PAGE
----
Psittacosis is an infectious disease in humans that has mild, non-specific flu-like symptoms. Psittacosis refers to any infection or disease caused by Chlamydia psittaci, one of several microorganisms in the genus Chlamydia. This disease can be transmitted from infected birds to humans. Parrot disease, ornithosis, and chlamydiosis are other names for psittacosis.
Birds can have a latent infection. "Latent" means they appear healthy and do not show any symptoms now but they can show symptoms later. These infected birds carrying the Chlamydia psittaci bacteria may shed the organism intermittently or sometimes continuously for weeks or months. Stress associated with nutritional deficiencies, overcrowding, breeding, egg-laying and prolonged transport may cause birds with a latent infection to shed infectious agents. When shedding occurs, the infected birds excrete the bacteria in the feces and nasal discharges and the bacteria can remain infective for several months.
Humans can become infected with Chlamydia psittaci by breathing in the organism when the urine, respiratory secretion, or dried feces of infected birds is aerosolized (i.e., dispersed in the air as very fine droplets or dust particles). Other sources of exposure include mouth-to-beak contact, a bite from an infected bird, and handling the plumage and tissues of infected birds.
Person-to-person transmission of the disease is rare. It may occur when a person is exposed to infectious, aerosolized droplets from another person experiencing paroxysmal (sudden, very forceful) coughing during the acute illness.
When a person breathes in Chlamydia psittaci bacteria, the lungs' defense mechanisms attempt to neutralize them. The bacteria that avoid this defense start an infection that varies in severity from a mild flu-like illness to severe pneumonia. Generally, the signs and symptoms appear within four to 15 days after exposure but commonly occur after 10 days. These include:
Psittacosis is primarily a lung disease but it can involve several organs. Some reports show that inflammation of the liver, lining of the heart cavity, the heart muscle, and the brain can occur.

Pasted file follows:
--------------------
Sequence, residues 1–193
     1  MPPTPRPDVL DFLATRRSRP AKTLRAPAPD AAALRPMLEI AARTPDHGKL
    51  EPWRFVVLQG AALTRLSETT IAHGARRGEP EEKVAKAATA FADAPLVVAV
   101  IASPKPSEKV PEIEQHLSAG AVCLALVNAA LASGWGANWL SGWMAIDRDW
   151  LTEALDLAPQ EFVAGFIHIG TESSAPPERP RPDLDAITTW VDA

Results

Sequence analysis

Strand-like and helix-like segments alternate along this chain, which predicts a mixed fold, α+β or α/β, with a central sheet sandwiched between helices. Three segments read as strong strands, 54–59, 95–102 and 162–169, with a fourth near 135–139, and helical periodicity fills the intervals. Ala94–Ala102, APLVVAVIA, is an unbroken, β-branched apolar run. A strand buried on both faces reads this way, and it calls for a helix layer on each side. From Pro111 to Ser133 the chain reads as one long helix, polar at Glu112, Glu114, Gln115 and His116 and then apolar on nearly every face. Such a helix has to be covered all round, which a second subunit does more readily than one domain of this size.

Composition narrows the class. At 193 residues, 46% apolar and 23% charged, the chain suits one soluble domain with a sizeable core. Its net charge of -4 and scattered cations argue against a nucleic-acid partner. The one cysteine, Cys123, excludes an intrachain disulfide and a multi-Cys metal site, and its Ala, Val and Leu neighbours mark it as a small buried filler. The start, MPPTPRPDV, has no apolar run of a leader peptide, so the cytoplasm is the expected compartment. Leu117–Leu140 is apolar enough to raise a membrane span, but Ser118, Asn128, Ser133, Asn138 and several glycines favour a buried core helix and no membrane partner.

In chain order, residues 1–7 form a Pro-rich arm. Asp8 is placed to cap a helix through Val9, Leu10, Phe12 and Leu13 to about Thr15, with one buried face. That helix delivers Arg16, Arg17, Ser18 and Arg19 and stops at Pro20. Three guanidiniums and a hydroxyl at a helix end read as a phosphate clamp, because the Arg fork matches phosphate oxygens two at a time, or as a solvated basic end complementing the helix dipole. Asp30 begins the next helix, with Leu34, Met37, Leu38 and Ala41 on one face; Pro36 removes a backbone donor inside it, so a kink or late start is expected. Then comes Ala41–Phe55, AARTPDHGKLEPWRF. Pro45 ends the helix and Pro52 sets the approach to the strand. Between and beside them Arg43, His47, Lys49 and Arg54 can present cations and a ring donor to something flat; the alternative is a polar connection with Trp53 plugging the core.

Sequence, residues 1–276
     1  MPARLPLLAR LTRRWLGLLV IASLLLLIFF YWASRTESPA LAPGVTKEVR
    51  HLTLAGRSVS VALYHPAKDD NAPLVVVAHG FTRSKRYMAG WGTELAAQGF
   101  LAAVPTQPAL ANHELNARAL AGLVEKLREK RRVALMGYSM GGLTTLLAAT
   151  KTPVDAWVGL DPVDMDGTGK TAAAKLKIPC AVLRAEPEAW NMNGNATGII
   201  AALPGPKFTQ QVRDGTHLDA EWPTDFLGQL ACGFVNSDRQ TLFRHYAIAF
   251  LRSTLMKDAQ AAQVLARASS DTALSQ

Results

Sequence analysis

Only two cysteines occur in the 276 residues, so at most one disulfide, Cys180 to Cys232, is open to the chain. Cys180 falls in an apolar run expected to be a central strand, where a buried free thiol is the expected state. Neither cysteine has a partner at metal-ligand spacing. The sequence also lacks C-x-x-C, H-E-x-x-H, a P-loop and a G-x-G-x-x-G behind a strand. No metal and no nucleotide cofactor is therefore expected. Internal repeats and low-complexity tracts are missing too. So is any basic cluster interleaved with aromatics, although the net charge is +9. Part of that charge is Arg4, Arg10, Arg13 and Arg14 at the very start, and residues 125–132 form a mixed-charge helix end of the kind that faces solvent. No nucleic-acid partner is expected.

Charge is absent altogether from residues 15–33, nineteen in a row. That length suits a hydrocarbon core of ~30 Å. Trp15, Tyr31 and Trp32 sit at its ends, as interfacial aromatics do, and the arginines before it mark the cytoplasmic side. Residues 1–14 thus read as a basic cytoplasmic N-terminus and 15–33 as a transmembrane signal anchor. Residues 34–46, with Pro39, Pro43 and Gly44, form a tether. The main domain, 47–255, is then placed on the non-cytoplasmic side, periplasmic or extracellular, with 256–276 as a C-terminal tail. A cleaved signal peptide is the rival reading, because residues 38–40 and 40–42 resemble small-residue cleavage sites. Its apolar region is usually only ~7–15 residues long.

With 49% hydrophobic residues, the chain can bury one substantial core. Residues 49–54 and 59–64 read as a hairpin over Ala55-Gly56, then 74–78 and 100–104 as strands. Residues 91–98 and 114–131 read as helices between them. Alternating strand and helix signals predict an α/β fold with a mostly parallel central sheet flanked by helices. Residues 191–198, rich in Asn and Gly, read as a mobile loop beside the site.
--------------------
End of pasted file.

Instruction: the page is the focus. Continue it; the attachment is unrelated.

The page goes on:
The course of the disease is variable and it can result in death. However, fatal cases are rare. In mild cases, fever may continue for three weeks or more.
Because the severity of symptoms can vary and they are similar to other diseases, psittacosis may be under reported. In the United States, between 2000 and 2006, 125 human cases of psittacosis were reported to the Center for Disease Control and Prevention (CDC). In Canada, the rate of psittacosis has remained below one case per 100,000 (Alberta, Manitoba). There is no documented evidence of a higher incidence of psittacosis in people with compromised immune systems.
For accurate diagnosis of psittacosis, a doctor must know that the person has been exposed to birds and that the suspected birds are infected with Chlamydia psittaci. Laboratory examinations can identify the organism and detect the signs of infection. Patients who develop psittacosis require treatment with specific drugs. The disease is very responsive to tetracycline but is resistant to penicillin.
Psittacosis is an occupational health hazard for many people whose work brings them into contact with birds. These include:
Preventive measures include feeding birds properly, avoiding overcrowding, and adequate ventilation systems including the use of high efficiency particulate air (HEPA) filters to reduce the spread of contaminated air. It is important to clean cages daily. Do not stack cages. Position cages to prevent the transfer of feces, food feathers and other material from cage to cage. Clean cages are also important.
To control the infection in pet birds and domestic poultry, it is necessary to add the antibiotic (e.g., chlorotetracycline) to their feed. However, the owner or person in charge should contact a veterinarian for any treatment and subsequent testing that may be required. In most jurisdictions, all diagnosed cases must be reported to local public health authorities. Early diagnosis and reporting can help identify sources of infection and control further spread of psittacosis.
Workers should know the risk of routinely mixing antibiotics into animal feed. In such situations, the concern is that antibiotic-resistant bacteria might develop in workers who contact the animals or their feed. This resistance makes the traditional diseases more difficult to treat and control.
Workers should keep infected birds in isolation and ensure these places are properly ventilated. All persons involved with the care of infected birds should wear protective clothing including gloves, eye wear, disposable surgical cap and a properly fitted respirator with N95 or higher rating. Surgical masks may not be effective in prevention transmission of Chlamydia psittaci. Avoid dry sweeping, brushing or vacuuming when cleaning cages. Waste material should be removed frequently from the cage after moistening the material with a disinfectant. Burn or double-bag waste for disposal. Chlamydia psittaci is susceptible to such disinfectants as quaternary ammonium compounds, isopropyl alcohol, 70% ethanol, glutaraldehyde, formaldehyde and household bleach (diluted to 1% sodium hypochlorite). Discard items that cannot be cleaned appropriately. Many disinfectants are respiratory irritants and should be used with appropriate precautions in a well-ventilated area. Avoid mixing disinfectants with any other product.
Document last updated on February 2, 2009